Species Profile - Burbot


Lota lota (low’-tah low’-tah): from the French word for codfish; “burbot” is also a French word, meaning “mud” or “mire”  


Ur, Ur, Ur! spoke the burbot. . .

What's in a name any way? Burbot is only one of numerous names this cold-water species from the cod family goes by. Many of the fresh water cod’s nick-names can’t be mentioned, but here is a list of the most common: Eel Pout, Lawyer, Ling, Cusk, Lush, Loche, Mudblow and Poor Man’s Lobster.

Burbot can be found in most Minnesota northern lakes and rivers, including Lake Superior, but can also be found in small numbers in the prairie regions and parts of the lower Mississippi. They are good indicators of a healthy watershed. Typically they require water temps lower than 70 degrees during the summer and are a rare catch, but come winter-time, these predators come alive and are most active.


The burbot coloration varies from yellow-brown to brown or even dark olive with black mottling and blotching, giving it almost a camouflage appearance. Burbot resembles an eel more than other freshwater fish. Its scales are small, the skin has a slimy feel and this bottom hugger has large chin barbel with tubular nostrils similar to catfish, for detecting food.

This secretive fish can live up to the ripe old age of 15 and the Minnesota state record is 19 lbs. 3 ozs. and was caught in Lake of the Woods. Typically, they are under 8 lbs. and are less than 28 inches in length.


Burbot can be handled by placing a firm grip just behind the head. Their teeth are much like largemouth bass, like rough sandpaper. Don’t be shocked when our eel-like looking friend, uniquely and harmlessly, wraps its body around your forearm and gives you a little…. ur…ur…ur, vocalization when handling them. It’s just their way of greeting you.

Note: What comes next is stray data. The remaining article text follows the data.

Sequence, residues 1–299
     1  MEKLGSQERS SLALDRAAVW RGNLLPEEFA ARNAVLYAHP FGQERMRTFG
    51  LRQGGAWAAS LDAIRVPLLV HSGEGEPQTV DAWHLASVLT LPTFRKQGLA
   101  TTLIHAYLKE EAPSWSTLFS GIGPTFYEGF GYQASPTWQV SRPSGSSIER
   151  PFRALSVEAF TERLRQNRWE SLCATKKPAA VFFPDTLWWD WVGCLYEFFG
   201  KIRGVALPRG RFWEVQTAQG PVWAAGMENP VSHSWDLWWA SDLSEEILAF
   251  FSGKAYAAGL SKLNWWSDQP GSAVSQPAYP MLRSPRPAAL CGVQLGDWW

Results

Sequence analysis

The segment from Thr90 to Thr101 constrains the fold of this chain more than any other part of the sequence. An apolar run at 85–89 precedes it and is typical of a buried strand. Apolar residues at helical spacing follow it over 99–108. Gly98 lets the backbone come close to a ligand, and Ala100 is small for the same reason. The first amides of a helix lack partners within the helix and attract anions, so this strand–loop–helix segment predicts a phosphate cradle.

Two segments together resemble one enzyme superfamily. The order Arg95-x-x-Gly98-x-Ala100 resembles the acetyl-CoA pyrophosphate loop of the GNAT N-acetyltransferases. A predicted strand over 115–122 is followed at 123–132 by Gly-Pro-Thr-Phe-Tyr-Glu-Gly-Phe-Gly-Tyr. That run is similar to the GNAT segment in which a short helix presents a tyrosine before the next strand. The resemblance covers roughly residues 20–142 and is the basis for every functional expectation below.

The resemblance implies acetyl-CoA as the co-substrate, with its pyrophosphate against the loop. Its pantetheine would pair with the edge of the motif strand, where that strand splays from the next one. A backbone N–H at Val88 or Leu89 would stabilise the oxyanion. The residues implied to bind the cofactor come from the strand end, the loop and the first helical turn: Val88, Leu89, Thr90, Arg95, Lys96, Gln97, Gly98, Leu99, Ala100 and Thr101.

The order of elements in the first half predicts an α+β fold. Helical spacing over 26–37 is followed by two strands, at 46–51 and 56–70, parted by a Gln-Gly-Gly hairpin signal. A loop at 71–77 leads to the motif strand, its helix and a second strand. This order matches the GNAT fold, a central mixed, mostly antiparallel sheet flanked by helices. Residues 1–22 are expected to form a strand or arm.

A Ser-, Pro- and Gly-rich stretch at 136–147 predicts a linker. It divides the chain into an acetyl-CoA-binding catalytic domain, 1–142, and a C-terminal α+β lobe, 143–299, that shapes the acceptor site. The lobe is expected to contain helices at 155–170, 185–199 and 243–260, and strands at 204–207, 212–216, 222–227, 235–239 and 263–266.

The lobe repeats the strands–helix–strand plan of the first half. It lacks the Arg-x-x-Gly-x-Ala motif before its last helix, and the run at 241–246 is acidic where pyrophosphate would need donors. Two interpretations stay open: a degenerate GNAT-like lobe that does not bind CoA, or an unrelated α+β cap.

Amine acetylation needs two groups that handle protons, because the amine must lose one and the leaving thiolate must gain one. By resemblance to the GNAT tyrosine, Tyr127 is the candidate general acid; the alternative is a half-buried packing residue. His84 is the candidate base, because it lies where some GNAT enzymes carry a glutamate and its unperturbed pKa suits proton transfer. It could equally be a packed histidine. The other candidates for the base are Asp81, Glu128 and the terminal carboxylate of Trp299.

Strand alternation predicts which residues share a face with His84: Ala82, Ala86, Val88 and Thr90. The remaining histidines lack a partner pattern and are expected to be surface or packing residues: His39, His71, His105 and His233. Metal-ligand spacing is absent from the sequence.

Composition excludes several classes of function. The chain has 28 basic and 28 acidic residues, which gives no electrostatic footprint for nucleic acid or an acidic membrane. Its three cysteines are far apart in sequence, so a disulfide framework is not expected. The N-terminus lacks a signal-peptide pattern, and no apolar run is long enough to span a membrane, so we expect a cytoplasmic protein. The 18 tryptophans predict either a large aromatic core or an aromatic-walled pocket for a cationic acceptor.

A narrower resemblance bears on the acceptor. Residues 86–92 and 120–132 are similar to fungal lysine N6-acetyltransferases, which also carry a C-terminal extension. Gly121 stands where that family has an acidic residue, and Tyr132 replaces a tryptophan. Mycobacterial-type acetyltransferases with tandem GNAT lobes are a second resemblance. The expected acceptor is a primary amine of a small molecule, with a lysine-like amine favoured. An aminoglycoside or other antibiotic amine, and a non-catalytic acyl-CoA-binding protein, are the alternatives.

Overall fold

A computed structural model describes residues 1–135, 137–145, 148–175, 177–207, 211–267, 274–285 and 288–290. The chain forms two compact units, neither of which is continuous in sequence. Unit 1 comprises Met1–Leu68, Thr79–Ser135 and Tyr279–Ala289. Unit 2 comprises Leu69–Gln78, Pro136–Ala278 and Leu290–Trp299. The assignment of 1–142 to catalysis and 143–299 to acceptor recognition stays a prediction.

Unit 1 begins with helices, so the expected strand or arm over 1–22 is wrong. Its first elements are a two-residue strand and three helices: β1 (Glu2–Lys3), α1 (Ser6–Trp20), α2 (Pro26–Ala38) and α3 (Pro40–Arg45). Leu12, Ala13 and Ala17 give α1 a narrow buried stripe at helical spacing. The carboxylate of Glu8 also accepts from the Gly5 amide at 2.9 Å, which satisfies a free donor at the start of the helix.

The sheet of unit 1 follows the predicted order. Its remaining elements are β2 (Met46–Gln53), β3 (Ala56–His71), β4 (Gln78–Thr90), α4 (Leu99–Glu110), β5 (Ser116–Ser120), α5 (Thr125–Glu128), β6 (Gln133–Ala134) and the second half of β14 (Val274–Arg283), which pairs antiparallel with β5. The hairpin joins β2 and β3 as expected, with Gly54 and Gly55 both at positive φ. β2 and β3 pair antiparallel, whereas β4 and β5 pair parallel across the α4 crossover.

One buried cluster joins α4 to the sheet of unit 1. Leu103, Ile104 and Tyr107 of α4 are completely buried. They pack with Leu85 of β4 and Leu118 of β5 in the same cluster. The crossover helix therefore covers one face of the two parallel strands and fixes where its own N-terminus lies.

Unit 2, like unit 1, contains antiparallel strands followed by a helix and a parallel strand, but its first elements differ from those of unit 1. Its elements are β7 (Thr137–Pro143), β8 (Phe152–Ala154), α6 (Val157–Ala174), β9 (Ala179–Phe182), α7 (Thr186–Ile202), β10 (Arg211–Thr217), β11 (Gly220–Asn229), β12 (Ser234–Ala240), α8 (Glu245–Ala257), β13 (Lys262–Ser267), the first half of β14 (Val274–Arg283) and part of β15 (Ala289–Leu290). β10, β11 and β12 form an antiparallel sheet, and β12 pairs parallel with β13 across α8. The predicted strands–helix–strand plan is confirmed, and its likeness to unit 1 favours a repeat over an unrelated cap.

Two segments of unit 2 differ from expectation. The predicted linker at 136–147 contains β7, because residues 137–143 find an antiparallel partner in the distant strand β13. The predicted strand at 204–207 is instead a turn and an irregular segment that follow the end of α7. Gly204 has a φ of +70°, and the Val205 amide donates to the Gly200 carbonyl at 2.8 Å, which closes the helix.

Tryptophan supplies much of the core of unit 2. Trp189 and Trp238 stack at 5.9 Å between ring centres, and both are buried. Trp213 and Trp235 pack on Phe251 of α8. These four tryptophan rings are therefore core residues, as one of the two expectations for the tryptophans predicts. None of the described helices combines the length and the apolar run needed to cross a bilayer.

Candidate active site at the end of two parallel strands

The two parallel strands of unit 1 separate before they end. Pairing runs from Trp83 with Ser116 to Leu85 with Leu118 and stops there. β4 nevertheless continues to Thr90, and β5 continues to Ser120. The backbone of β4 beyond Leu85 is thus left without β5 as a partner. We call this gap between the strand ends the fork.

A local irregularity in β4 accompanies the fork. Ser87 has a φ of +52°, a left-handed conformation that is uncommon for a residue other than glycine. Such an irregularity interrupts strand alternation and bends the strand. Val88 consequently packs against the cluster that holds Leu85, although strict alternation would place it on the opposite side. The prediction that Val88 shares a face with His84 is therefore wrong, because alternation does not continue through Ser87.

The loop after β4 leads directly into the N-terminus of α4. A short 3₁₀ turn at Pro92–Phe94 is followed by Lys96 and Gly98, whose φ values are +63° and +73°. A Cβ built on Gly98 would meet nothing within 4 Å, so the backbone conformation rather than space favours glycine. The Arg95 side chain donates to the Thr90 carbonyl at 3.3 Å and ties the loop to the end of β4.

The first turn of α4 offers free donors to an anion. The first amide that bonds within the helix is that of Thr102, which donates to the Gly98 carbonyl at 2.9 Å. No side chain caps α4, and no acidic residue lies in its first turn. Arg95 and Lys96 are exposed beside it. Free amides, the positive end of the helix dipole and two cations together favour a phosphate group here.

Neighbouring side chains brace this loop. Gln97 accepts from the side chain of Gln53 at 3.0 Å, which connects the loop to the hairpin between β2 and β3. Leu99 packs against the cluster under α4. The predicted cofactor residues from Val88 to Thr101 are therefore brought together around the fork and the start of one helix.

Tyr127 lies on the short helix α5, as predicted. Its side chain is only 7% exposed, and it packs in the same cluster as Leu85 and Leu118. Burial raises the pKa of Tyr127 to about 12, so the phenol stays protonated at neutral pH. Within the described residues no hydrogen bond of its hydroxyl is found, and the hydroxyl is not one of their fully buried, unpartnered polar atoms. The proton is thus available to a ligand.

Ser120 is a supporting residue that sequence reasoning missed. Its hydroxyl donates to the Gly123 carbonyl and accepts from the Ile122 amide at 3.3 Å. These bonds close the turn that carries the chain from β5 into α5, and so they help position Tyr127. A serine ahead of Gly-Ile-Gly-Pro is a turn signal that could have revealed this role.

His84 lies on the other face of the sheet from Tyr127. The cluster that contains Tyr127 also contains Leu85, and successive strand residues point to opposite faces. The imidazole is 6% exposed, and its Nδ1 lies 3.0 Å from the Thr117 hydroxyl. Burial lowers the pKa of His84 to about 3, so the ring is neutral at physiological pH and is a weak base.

They eat mostly other fish such as small yellow perch and walleyes, but also consume fish eggs, clams, crayfish, mayfly larvae and other aquatic insects.


The spawning season for this unique fish is very unusual. It spawns during mid-winter into early spring, before the ice is off the lake or river. Reproduction occurs in pairs or sometimes in groups of dozens or even in the hundreds, in shallow water over sand or gravel bottoms. There is no nest built and no care for the eggs or newly hatched young. After the release of eggs and sperm the fish thrash about scattering the eggs, which later fall to the bottom. A single female can lay as many as 1 million eggs depending on her size. The embryos develop for 4 to 5 weeks in the cold water and hatch at the tiny size of .15 inches (one of the smallest freshwater fish larvae).


Young burbots are common prey for many fish, such as smallmouth bass, yellow perch, smelt, lake trout and muskie. Humans also can be considered a predator even though many people consider burbot the “ish” in fish and most folks don’t even like to touch them. Folks who cut the line not knowing that baked with a little butter, salt and pepper, miss out on a delicacy served in many households.

Tackle & Fishing Tips

Most burbots are accidentally caught by anglers targeting other fish like walleyes (that would be me). They are especially active during low light conditions during the winter months. Tip-ups or walleye style jigging equipment, spooled with 4 to 8 lb line will provide the necessary gear needed to land these unique creatures.

Your bait of choice can be just about any minnows, locating the bait within inches of a deep muddy river- or lake-bottom (like the mud flats in Lake Mille Lacs). Keep a watchful eye on your line; Burbot have very sensitive bite. Wait too long to set the hook and you’ll be fishing-out your hook from the gullet or cutting your line to make an ethical release.

Burbot do not have special conservation status in Minnesota and are not actively managed, so fish away and enjoy another special offering from the lakes of Minnesota.

Fun Facts

  • Burbot have long been used for fish meal, oil and food for animals raised for furs (the oil is absorbed through digestion making for a great fur conditioner).
  • The tough skin was once used in the windows of Siberia as a substitute for glass.


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